O’Dea warns of pension bombshell that unfairly targets women

Published on: 11 September 2012

 Fianna Fáil Spokesperson on Social Protection Willie O’Dea has warned of a pension bombshell facing thousands of people on state contributory pensions.  Deputy O’Dea said the changes, which were announced in the budget and came into effect from this month, unfairly target women who left the workplace to raise their families.


Under new criteria people with the minimum of 10 PRSI contributions a year will see their pension drop to €92 a week, down from the current minimum of €115.20 a week. The changes will affect people with less than 48 contributions a year on average. In many cases, people could be hit with an unexpected cut of €1,500 over the course of their pension.


“This is an underhand cut to the pension entitlements of tens of thousands of people across the country,” said Deputy O’Dea. 


“It will disproportionately hit widows with broken employment records after taking  time out to raise their children. It could also hit people who left the workplace due to a long-term illness or illness in their family.


“There are currently 115,000 people in receipt of the widows/widowers contributory pension.  As a result of the changes due to come into effect this month, the PRSI payments needed to qualify for this pension will increase by 330% for new applicants.  This means that thousands of people will no longer qualify.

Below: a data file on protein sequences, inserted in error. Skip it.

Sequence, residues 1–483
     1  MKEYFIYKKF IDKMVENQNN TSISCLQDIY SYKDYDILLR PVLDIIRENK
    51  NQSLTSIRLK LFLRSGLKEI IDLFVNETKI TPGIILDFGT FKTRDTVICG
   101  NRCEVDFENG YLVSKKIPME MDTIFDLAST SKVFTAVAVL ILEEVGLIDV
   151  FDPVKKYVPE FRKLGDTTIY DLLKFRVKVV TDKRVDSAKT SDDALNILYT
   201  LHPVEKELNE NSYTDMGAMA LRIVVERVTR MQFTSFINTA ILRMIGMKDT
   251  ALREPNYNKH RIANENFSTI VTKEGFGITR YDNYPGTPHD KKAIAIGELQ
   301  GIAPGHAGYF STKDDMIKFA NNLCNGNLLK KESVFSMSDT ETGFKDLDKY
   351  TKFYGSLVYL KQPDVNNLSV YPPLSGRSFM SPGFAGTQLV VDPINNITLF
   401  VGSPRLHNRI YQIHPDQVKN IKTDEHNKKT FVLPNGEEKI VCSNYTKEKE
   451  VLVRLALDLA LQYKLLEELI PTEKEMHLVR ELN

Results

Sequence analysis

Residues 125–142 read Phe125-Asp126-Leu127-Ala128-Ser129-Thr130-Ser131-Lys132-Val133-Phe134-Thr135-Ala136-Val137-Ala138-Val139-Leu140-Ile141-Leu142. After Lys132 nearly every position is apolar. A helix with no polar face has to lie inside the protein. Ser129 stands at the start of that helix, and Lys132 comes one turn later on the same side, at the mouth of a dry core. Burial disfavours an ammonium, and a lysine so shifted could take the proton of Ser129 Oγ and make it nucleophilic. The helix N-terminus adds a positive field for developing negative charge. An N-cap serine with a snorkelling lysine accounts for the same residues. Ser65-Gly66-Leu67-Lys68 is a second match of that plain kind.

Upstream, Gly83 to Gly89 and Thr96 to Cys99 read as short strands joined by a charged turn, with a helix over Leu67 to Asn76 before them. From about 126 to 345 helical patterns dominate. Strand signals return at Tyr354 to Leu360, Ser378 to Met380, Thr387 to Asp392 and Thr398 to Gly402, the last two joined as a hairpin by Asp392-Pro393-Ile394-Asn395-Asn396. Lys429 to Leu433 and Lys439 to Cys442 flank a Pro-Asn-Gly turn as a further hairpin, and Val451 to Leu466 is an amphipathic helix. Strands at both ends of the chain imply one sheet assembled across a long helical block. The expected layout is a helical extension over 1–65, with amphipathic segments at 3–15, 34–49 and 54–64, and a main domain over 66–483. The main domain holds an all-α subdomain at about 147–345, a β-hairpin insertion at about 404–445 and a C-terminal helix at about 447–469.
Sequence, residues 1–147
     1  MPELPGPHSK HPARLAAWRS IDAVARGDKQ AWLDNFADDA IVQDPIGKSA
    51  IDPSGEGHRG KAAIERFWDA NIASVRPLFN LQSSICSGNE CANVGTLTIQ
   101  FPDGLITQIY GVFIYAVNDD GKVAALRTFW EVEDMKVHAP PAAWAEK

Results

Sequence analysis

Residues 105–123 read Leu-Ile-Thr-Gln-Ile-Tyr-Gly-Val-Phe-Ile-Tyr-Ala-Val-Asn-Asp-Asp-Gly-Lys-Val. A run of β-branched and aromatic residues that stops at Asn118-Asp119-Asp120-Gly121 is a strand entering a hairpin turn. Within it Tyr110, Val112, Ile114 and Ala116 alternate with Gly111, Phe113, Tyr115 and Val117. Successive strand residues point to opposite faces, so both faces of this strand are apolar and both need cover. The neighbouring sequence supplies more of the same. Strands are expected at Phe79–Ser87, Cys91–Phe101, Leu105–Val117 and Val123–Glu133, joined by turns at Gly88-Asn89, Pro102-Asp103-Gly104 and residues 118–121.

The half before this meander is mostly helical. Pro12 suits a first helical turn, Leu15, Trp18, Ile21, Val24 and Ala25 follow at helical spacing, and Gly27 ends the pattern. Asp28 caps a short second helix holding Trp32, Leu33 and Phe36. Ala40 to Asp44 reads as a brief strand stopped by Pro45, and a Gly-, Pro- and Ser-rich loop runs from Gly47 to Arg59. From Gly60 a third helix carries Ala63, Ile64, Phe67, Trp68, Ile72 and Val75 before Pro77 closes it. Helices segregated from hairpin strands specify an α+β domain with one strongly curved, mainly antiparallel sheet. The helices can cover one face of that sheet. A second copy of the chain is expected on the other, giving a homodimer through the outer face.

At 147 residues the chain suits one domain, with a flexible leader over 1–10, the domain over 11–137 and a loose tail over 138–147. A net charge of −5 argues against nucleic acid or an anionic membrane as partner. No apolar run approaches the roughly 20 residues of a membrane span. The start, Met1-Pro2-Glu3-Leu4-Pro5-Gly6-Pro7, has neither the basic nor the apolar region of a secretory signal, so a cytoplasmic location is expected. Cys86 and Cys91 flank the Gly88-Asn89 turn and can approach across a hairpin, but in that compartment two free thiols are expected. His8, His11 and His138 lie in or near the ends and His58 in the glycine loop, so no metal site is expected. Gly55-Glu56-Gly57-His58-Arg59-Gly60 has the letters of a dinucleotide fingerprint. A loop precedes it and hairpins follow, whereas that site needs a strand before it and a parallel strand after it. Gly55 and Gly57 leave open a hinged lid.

“Once again the Government has failed to adequately explain all of this to people. Most people have no idea that these changes are now in place and they certainly don’t know how their own pension will be affected.   If this isn’t explained properly, there will be uproar when people who are due to retire soon see an unexpected cut to their pension entitlements over the next few years.


“At the very least, the Government needs to explain the new criteria in a coherent and comprehensive way. There is still a great deal of uncertainty surrounding these changes and who will be affected by them. The Minister must clarify what individuals and what circumstances, if any, will be exempt from these strict new criteria. People who feel squeezed from every angle at this time need time to plan such significant changes to their incomes.”


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